Soaring Over Mars 05.27.09 NASA's Mars Reconnaissance Orbiter gives us an
unprecedented bird's-eye view of the Red Planet. Narrated by Rich Zurek, Project
Scientist, Mars Reconnaissance Orbiter
Soaring Over Mars
The Mars Reconnaissance Orbiter as seen many places on the planet, one of the
most interesting is one of the greatest canyon systems on Mars. This is a branch
of that canyon system, called Candor Chasma. You can see the tortured ground
that is there, the layers, the many buttes and mesas that poke up above this.
The scale of these things is such that we've looking across a couple of miles of
territory. There is no vertical exaggeration in this stereo image made by taking
images at separate times on separate orbits. Some of these buttes extend up a
football field in size.
Fault systems that produced by earthquakes, in this case Marsquakes, give us
clues as to whether this is material that was eroded away or actually whether it
was deposited and then eroded later. The stress patterns show us the canyon
formed first, was filled with material and eroded away leaving these buttes,
with the buttes being formed by more resistant rock at the top of the buttes —
darker in these images.
One of the questions we have about Mars is, where we see the effects of water on
its surface, how did that water get there? It may have been different in
different places. Did it erupt from underground as springs, for instance? Or did
it fall from the sky in rainfall? And it may have been associated with events
like impact craters. One of those impact craters is Mojave Crater.
And here we're going to look at perspective view that was formed from two images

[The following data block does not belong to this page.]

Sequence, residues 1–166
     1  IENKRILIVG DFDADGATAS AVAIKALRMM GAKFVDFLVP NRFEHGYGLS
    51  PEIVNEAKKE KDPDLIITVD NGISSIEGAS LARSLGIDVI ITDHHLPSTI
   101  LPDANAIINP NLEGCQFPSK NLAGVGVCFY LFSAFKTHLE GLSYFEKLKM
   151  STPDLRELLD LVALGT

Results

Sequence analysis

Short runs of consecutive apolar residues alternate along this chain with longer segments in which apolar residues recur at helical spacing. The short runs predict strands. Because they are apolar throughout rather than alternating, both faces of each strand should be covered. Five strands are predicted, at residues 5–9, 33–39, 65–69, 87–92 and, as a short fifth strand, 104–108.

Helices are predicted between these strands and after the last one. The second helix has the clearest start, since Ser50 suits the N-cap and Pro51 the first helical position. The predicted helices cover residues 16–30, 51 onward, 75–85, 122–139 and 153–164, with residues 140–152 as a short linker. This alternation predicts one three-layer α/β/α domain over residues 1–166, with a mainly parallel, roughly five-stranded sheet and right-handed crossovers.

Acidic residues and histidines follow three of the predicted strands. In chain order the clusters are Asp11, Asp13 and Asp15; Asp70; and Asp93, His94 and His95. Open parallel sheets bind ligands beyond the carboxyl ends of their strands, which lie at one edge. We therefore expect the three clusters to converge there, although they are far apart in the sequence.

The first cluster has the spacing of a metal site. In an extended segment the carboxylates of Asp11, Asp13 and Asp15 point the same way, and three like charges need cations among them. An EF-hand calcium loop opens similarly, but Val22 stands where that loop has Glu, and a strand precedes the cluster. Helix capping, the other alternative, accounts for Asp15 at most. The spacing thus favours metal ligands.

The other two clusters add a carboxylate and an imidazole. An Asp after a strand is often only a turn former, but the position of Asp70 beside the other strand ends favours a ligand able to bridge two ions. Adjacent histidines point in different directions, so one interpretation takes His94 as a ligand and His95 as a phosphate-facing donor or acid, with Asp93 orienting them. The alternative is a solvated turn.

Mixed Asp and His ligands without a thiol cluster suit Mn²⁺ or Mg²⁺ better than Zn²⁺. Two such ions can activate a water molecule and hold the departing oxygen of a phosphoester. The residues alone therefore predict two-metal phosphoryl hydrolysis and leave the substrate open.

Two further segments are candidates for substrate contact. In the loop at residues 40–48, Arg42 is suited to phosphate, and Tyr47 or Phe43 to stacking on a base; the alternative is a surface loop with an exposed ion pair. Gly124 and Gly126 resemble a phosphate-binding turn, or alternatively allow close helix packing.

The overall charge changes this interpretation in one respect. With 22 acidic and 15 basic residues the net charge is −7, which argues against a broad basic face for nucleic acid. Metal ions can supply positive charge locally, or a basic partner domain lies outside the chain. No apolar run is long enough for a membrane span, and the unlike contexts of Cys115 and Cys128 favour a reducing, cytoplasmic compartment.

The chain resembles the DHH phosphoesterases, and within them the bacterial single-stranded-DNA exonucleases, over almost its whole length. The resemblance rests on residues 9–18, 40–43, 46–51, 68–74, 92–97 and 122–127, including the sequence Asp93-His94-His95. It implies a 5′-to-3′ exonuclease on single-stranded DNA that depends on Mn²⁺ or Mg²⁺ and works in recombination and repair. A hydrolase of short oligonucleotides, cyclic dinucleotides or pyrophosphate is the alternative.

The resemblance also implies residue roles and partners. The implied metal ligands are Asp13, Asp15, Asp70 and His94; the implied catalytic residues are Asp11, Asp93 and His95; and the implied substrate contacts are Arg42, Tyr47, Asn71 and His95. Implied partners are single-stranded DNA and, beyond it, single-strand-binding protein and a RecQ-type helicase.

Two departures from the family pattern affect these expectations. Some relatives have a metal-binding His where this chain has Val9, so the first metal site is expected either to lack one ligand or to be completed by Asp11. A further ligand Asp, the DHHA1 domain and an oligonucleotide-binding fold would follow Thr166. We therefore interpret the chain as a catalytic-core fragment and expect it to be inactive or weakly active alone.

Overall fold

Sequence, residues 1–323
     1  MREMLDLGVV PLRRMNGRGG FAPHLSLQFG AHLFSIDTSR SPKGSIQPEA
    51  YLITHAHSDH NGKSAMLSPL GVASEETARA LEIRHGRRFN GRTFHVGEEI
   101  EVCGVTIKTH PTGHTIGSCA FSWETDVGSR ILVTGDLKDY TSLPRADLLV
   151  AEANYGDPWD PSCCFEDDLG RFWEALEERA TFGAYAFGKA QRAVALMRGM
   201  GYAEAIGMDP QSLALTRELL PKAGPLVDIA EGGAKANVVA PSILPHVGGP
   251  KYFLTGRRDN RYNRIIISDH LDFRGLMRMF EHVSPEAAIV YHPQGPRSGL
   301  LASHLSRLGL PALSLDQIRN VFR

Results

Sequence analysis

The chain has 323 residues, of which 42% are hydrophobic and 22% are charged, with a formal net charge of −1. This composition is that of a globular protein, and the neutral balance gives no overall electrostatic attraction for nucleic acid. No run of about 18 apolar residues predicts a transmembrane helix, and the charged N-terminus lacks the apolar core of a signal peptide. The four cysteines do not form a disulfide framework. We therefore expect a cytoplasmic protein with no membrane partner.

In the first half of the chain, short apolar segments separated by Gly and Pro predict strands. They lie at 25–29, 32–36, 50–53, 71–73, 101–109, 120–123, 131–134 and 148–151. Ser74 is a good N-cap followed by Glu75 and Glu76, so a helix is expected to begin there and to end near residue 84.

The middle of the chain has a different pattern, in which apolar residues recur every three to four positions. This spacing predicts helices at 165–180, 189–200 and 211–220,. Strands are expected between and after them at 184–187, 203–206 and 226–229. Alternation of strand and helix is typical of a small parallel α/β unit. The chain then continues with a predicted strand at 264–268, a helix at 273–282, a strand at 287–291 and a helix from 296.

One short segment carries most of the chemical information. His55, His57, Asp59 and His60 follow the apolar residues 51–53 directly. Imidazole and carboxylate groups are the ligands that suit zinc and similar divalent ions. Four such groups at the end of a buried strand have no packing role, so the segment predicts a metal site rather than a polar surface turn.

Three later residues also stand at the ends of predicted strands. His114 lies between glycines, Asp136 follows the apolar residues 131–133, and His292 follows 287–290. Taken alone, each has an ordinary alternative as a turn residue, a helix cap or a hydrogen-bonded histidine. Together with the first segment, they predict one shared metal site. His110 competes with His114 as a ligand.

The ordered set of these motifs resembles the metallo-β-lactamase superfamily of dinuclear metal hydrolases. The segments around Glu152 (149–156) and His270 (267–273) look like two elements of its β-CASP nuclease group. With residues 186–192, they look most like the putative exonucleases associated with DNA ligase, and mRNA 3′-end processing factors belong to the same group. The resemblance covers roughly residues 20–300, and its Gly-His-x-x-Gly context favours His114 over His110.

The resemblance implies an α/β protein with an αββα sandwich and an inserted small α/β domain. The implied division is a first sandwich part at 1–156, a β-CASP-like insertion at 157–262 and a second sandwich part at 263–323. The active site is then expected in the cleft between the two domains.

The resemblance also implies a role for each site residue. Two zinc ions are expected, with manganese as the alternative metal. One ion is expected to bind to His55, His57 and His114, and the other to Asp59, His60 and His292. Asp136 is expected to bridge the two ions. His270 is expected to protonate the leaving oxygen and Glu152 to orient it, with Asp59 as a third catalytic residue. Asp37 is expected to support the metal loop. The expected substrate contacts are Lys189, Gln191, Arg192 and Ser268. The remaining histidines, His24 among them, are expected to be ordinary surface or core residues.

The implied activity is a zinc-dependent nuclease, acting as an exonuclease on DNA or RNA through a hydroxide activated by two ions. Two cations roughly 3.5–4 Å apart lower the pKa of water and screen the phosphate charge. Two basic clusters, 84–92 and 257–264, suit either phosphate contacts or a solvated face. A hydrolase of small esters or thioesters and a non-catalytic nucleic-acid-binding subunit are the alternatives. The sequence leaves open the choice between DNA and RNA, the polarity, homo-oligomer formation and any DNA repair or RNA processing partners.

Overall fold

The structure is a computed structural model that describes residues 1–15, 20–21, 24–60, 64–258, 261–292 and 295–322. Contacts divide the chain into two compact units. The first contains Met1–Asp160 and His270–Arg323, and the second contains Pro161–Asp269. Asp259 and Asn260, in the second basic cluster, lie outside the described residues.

forming a stereo pair. As you can see, water ponded on the terraces. And then it
overflowed and ran down to the next terrace. If you look at the rim of the
crater, you see channels that run right up to the top. So these aren't springs.
This must have been rainfall that carved this part of the planet.
The Mars Reconnaissance Orbiter is able to look at not only the structure of the
surface, its topography and shape, but also its composition. We're going to zoom
in to an area called Nili Fossae that is very diverse. And that's shown here in
false color. What we're looking at are the mineral signatures — fingerprints —
that appear in reflected sunlight, although it's at wavelengths that our eyes
are not sensitive to.
Straight edges are the edges of the images that were taken, we don't have
complete coverage. What we're most interested in here are the areas that are
colored green. Those are areas in which carbonates are present. Carbonates
indicate that here's an environment that could have been conducive to life, and
if not life today, it could have preserved the signature of the life that may
have occupied in the past.
That is, the organic molecules should also be preserved today, if they were ever
produced on its surface. This very diverse area shows a complex mineral
signature and also shows that there are many different kinds of water
environments on the planet.
So water was not uniform in its activity. It may have persisted in some areas
longer than in other areas. And its interaction with the rock has left us clues
about what that ancient history was.
One of the early images taken by the Mars Reconnaissance Orbiter was of Victoria
Crater in order to help the Opportunity rover figure out which way to move
around the crater as it looked for a way to get down inside. Here you see that
image, taken from 180 miles above the surface of Mars.
We're going to use that image to zoom in and see what it would look like from
the rover's point of view, if it were on the edge of the crater looking out over
it, and then match that with an image that was actually taken from the rover
Opportunity on the Mars surface.